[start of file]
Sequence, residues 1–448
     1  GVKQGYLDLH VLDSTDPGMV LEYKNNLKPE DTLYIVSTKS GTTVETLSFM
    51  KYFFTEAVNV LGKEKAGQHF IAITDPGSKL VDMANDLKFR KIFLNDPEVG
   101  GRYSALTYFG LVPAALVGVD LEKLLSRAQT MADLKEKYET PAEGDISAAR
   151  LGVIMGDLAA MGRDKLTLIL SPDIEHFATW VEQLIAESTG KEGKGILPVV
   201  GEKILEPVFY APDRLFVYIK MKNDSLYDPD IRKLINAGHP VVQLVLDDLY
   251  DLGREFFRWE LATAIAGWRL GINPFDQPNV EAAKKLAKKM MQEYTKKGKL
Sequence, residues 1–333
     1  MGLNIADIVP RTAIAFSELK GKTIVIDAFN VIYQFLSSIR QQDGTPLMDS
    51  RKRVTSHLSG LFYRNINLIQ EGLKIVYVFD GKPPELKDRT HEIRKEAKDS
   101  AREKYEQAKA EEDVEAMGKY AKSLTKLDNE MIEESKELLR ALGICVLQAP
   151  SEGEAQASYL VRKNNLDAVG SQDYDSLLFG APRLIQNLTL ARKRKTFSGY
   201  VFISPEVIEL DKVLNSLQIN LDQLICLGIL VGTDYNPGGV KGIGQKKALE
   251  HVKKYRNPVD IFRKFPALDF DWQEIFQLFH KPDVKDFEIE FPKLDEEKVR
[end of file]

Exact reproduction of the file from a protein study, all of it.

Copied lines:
Sequence, residues 1–448
     1  GVKQGYLDLH VLDSTDPGMV LEYKNNLKPE DTLYIVSTKS GTTVETLSFM
    51  KYFFTEAVNV LGKEKAGQHF IAITDPGSKL VDMANDLKFR KIFLNDPEVG
   101  GRYSALTYFG LVPAALVGVD LEKLLSRAQT MADLKEKYET PAEGDISAAR
   151  LGVIMGDLAA MGRDKLTLIL SPDIEHFATW VEQLIAESTG KEGKGILPVV
   201  GEKILEPVFY APDRLFVYIK MKNDSLYDPD IRKLINAGHP VVQLVLDDLY
   251  DLGREFFRWE LATAIAGWRL GINPFDQPNV EAAKKLAKKM MQEYTKKGKL
Sequence, residues 1–333
     1  MGLNIADIVP RTAIAFSELK GKTIVIDAFN VIYQFLSSIR QQDGTPLMDS
    51  RKRVTSHLSG LFYRNINLIQ EGLKIVYVFD GKPPELKDRT HEIRKEAKDS
   101  AREKYEQAKA EEDVEAMGKY AKSLTKLDNE MIEESKELLR ALGICVLQAP
   151  SEGEAQASYL VRKNNLDAVG SQDYDSLLFG APRLIQNLTL ARKRKTFSGY
   201  VFISPEVIEL DKVLNSLQIN LDQLICLGIL VGTDYNPGGV KGIGQKKALE
   251  HVKKYRNPVD IFRKFPALDF DWQEIFQLFH KPDVKDFEIE FPKLDEEKVR